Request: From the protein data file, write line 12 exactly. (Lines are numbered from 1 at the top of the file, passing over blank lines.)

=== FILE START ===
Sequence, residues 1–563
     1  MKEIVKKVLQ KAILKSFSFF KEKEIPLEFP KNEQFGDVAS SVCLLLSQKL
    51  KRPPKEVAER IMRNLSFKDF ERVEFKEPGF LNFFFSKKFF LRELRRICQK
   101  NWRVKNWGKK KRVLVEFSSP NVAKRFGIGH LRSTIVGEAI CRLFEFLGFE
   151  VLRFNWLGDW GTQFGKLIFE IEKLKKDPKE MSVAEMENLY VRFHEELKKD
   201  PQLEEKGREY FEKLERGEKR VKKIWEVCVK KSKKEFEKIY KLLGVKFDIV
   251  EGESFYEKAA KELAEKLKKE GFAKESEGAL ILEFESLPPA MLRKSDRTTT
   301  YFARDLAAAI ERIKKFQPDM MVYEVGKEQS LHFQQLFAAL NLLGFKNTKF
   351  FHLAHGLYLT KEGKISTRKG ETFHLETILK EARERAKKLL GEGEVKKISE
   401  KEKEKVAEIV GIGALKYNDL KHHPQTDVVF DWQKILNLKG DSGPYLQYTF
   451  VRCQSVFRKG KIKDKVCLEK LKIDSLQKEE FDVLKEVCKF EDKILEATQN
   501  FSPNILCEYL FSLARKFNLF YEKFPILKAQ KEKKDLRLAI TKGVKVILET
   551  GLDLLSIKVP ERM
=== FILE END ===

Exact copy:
   501  FSPNILCEYL FSLARKFNLF YEKFPILKAQ KEKKDLRLAI TKGVKVILET